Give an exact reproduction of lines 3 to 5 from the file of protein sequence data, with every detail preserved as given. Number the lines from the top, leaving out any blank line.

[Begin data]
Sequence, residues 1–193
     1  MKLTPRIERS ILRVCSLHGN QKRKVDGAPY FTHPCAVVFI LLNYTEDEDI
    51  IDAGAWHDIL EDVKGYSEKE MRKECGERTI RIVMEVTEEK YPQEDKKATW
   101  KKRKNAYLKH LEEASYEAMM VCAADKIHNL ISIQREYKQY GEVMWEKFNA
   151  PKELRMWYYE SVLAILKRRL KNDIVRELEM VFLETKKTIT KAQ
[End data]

    51  IDAGAWHDIL EDVKGYSEKE MRKECGERTI RIVMEVTEEK YPQEDKKATW
   101  KKRKNAYLKH LEEASYEAMM VCAADKIHNL ISIQREYKQY GEVMWEKFNA
   151  PKELRMWYYE SVLAILKRRL KNDIVRELEM VFLETKKTIT KAQ